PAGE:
Many Republican political operatives have complained that the GOP’s victories Nov. 2 could have been even greater had Steele done a better job of fundraising and overseeing the RNC’s crucial ground-game activities, rather than parading around the country in a large red bus with the words “Fire Pelosi” emblazoned on the sides.
One Republican involved in a statewide 2010 campaign called Steele an “absolute disaster” who cost the GOP victory in multiple statewide races. “The turnout operation in my state was so amateurish and so underfunded, we never had a shot,” this Republican said.
But Steele, the former Maryland lieutenant governor and first African-American to lead the committee, is not without his fans. His tenure has featured historic Republican victories at all levels.
On Nov. 2, the GOP picked up a net gain of 63 House seats — the largest Republican gain in more than half a century — six Senate seats and a nearly 700 state legislative seats. Earlier in 2010, the GOP won an additional Senate seat in a special election in deep-blue Massachusetts, and in 2009, the Republicans won Democratic-held governorships in New Jersey and Virginia, stats that Steele made sure to mention when making his surprise announcement Monday night.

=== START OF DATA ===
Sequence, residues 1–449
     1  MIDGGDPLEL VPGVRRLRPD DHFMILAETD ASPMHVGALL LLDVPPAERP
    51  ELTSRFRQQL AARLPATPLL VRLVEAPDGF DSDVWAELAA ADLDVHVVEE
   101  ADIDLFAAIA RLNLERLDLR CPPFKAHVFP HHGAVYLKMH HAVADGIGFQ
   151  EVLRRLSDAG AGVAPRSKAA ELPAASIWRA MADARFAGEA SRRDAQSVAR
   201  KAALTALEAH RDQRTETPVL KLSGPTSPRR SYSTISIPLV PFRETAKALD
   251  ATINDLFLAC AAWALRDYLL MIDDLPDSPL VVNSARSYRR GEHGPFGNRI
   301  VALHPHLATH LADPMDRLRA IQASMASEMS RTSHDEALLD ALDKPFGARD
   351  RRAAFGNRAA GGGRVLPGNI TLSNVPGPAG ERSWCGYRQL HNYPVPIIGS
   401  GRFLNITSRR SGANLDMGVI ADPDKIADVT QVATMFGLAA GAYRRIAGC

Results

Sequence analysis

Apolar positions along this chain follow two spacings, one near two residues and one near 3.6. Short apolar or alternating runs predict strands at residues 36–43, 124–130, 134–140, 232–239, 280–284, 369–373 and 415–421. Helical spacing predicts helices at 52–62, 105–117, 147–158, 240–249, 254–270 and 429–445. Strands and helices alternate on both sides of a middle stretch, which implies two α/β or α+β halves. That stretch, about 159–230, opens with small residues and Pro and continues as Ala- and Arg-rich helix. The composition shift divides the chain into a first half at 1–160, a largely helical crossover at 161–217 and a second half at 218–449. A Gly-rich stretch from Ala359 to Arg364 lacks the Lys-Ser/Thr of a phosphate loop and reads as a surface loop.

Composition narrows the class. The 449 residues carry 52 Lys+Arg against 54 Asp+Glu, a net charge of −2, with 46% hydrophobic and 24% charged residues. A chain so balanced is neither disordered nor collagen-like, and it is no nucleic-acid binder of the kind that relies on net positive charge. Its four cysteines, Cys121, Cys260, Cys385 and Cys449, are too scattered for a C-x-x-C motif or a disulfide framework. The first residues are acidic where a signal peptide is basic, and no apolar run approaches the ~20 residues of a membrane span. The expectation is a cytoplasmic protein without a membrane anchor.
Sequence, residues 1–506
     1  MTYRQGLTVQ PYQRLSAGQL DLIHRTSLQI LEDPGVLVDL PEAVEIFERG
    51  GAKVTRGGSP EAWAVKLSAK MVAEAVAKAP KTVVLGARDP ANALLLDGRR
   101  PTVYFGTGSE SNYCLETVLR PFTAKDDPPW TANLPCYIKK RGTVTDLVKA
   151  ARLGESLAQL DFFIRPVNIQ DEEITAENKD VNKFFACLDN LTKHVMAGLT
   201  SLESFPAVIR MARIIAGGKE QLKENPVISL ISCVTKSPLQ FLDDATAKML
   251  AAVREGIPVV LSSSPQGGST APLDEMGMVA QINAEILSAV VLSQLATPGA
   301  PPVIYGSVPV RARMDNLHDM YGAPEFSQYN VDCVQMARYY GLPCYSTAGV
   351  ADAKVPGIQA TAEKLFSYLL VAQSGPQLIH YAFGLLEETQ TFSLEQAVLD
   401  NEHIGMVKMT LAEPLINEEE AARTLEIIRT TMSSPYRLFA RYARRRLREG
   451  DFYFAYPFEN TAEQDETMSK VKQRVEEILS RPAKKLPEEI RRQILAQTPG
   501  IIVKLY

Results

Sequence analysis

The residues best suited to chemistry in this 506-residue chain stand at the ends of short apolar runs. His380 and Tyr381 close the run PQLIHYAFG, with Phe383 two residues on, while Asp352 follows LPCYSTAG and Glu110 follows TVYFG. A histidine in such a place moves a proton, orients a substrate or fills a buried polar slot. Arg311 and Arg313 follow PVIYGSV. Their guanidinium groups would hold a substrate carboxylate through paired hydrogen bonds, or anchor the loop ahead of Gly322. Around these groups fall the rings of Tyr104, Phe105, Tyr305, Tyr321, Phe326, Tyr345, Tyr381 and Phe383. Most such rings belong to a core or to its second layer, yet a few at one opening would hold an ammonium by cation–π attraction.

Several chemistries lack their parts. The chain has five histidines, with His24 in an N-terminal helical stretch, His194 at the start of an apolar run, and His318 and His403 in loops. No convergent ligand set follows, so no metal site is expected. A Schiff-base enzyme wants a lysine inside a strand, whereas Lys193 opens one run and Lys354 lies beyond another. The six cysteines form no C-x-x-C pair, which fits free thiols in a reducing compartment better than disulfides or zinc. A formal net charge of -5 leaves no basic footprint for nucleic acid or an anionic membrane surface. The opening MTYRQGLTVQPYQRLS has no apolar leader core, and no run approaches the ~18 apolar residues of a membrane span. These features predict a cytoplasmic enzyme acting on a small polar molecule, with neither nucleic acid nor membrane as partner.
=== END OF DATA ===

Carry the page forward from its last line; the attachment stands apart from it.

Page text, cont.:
Sen. Orrin Hatch, who is up for re-election in 2012 and has been among the most avid fundraisers on behalf of the National Republican Senatorial Committee since 2007, said he has been pleased with Steele’s leadership of the RNC. In praising Steele, the Utah Republican alluded to criticism that Steele has received for his flamboyant, media-friendly approach versus the typical behind-the-scenes managerial role assumed by most chairmen.
“I like Michael Steele a lot, and I think he tried his dead-level best,” Hatch said, describing Steele as “out there, out front, leading the charge.”
Unlike most incumbents, Steele starts this race as the prohibitive underdog.
Among the contenders he will be challenging in next month’s election are former allies, and some of the RNC members he counted as supporters have already endorsed his rivals in the contest. At least one of his rivals from his first bid, Saul Anuzis of Michigan, is running again.